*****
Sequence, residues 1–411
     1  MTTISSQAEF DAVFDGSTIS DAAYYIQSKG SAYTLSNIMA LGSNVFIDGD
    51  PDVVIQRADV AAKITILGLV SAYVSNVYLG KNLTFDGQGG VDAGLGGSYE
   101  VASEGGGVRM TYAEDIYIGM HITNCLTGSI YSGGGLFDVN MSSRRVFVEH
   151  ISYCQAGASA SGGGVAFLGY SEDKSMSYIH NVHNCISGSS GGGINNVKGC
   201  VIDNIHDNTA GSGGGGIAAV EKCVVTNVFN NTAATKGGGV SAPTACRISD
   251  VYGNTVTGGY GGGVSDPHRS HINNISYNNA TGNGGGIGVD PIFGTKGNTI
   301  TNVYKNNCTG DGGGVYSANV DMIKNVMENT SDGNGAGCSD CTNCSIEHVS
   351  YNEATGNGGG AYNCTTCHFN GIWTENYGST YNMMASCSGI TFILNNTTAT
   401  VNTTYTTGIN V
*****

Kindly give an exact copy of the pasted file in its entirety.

Sequence, residues 1–411
     1  MTTISSQAEF DAVFDGSTIS DAAYYIQSKG SAYTLSNIMA LGSNVFIDGD
    51  PDVVIQRADV AAKITILGLV SAYVSNVYLG KNLTFDGQGG VDAGLGGSYE
   101  VASEGGGVRM TYAEDIYIGM HITNCLTGSI YSGGGLFDVN MSSRRVFVEH
   151  ISYCQAGASA SGGGVAFLGY SEDKSMSYIH NVHNCISGSS GGGINNVKGC
   201  VIDNIHDNTA GSGGGGIAAV EKCVVTNVFN NTAATKGGGV SAPTACRISD
   251  VYGNTVTGGY GGGVSDPHRS HINNISYNNA TGNGGGIGVD PIFGTKGNTI
   301  TNVYKNNCTG DGGGVYSANV DMIKNVMENT SDGNGAGCSD CTNCSIEHVS
   351  YNEATGNGGG AYNCTTCHFN GIWTENYGST YNMMASCSGI TFILNNTTAT
   401  VNTTYTTGIN V